Volume 37, Issue 3 (May 1992)
Preliminary Observations of the Effect of Methamphetamine in Decomposing Tissues on the Development Rate of Parasarcophaga ruficornis (Diptera: Sarcophagidae) and Implications of this Effect on the Estimations of Postmortem Intervals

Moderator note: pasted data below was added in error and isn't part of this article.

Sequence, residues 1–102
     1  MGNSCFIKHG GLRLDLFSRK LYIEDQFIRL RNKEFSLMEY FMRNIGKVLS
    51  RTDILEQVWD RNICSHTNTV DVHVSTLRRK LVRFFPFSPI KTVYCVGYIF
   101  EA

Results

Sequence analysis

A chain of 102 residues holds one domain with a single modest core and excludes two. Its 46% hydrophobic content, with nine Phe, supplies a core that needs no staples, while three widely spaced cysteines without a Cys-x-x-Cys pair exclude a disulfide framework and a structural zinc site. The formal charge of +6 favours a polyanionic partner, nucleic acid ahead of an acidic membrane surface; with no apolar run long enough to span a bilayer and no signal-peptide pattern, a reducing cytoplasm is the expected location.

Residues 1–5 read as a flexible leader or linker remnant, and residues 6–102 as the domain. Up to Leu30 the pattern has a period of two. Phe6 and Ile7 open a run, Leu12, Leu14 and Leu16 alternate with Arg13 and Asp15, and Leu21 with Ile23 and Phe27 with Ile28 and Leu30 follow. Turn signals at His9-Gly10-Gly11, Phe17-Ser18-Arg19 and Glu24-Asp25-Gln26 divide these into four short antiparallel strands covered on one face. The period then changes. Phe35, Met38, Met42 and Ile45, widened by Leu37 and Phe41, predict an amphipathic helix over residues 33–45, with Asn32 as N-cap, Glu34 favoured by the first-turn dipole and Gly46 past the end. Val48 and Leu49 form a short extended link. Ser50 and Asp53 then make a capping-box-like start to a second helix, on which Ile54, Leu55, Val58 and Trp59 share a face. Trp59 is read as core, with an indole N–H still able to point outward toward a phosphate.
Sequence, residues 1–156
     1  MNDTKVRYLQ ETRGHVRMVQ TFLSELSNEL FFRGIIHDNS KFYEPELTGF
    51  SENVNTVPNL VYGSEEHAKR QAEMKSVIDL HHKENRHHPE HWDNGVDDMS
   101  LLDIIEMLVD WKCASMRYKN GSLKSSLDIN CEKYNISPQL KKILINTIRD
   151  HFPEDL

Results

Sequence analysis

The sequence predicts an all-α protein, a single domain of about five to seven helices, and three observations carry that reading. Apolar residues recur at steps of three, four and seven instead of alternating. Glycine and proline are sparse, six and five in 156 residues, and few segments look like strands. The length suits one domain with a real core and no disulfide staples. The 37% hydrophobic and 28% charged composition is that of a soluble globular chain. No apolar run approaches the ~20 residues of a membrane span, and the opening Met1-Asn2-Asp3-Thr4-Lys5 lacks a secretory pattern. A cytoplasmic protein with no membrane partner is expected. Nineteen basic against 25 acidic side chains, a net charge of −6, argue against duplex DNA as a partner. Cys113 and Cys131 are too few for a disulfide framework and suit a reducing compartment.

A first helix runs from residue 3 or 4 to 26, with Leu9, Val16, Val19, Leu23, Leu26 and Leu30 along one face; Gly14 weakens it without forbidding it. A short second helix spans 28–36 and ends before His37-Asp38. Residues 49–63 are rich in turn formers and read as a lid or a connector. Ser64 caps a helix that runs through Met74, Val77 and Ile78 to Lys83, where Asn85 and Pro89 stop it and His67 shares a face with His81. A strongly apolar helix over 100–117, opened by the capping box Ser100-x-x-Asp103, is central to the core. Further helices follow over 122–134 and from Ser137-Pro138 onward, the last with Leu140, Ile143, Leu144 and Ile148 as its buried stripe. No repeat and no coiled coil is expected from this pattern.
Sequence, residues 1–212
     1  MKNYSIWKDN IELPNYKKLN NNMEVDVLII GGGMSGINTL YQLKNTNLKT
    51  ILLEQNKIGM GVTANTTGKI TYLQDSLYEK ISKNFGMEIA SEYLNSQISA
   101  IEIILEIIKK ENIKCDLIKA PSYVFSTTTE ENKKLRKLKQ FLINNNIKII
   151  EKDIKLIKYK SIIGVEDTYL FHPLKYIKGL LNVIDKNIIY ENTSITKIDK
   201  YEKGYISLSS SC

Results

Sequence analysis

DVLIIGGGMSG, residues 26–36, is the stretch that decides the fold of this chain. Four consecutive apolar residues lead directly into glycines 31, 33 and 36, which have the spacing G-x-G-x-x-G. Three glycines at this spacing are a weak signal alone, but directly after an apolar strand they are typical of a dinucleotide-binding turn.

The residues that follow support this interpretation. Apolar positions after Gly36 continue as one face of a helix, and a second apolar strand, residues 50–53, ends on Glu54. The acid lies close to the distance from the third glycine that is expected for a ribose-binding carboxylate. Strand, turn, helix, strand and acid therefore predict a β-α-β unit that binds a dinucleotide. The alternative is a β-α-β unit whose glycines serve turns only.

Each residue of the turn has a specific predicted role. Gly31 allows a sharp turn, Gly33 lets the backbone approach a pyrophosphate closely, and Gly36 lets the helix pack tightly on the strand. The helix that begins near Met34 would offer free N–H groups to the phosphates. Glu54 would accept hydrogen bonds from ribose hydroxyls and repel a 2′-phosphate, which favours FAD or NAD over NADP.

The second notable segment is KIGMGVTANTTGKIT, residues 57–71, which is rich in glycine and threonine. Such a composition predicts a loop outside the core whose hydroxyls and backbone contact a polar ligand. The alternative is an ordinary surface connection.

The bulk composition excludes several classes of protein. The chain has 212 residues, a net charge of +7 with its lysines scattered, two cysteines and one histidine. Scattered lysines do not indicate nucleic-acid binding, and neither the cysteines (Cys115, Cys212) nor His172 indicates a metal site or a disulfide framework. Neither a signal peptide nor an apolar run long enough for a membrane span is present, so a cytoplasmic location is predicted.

Larvae of Parasarcophaga ruficornis (Fabricius) (Diptera: Sarcophagidae) were reared on tissues from rabbits administered different dosages of methamphetamine to study the effects of this drug on development of this species. The rabbits were given 37.5, 71.4, and 142.9 mg of methamphetamine via ear vein infusion. From Hours 30 to 60, larvae feeding on tissues from rabbits receiving 71.4 and 142.9 mg of methamphetamine developed more rapidly than larvae from the control colony and those feeding on tissues from the rabbit receiving 37.5 mg of methamphetamine. The time required for pupariation was significantly greater for colonies fed on tissues from methamphetamine-dosed rabbits than for the control. These differences were sufficient to alter postmortem interval estimates based on larval development by up to 18 h and estimates based on puparial development by up to 48 h. The presence of methamphetamine or amphetamine could not be detected in Diptera larvae in this experiment using radioimmunoassay techniques, as there was a nonspecific reaction, resulting in a false positive.